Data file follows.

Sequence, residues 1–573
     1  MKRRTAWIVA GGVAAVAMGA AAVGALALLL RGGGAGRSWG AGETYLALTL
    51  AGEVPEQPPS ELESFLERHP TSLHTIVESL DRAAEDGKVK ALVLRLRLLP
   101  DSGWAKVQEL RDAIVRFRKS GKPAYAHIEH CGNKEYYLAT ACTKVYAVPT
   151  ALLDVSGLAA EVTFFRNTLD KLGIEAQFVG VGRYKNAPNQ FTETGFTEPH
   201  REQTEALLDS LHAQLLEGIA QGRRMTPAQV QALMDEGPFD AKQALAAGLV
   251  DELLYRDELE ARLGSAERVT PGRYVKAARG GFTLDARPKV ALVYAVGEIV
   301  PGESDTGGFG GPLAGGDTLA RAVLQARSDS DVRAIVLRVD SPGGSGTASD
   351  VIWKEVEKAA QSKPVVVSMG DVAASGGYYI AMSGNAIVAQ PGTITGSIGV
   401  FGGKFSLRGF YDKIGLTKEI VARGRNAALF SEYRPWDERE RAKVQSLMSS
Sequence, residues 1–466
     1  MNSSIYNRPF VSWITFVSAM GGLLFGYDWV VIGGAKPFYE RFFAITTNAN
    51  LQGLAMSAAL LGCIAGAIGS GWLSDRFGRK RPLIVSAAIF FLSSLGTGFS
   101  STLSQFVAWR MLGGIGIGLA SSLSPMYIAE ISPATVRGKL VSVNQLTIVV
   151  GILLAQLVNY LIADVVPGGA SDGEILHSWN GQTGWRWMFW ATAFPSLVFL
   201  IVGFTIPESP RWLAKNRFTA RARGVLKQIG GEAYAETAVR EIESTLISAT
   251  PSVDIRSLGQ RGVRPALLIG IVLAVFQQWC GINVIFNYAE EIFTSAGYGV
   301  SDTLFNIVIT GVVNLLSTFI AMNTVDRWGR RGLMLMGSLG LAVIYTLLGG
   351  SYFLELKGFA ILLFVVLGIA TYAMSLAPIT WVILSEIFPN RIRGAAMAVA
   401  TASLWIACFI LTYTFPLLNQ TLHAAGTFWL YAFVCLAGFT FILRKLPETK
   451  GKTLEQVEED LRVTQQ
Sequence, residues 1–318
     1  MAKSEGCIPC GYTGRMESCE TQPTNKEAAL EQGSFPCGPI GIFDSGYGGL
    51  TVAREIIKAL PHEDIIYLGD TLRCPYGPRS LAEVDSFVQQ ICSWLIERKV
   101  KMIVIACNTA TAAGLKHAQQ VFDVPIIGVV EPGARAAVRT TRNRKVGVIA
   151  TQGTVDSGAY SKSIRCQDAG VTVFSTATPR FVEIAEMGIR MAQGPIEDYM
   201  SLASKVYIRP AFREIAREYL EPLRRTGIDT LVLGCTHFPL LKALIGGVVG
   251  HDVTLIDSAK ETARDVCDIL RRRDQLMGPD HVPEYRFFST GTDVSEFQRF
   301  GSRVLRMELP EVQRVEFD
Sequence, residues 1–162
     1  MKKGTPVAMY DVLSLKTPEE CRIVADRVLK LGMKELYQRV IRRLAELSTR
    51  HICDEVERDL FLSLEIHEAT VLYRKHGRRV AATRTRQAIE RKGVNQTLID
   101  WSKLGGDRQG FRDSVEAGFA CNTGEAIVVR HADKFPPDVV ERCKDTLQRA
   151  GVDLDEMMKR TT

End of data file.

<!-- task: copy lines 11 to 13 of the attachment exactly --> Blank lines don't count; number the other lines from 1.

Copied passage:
Sequence, residues 1–466
     1  MNSSIYNRPF VSWITFVSAM GGLLFGYDWV VIGGAKPFYE RFFAITTNAN
    51  LQGLAMSAAL LGCIAGAIGS GWLSDRFGRK RPLIVSAAIF FLSSLGTGFS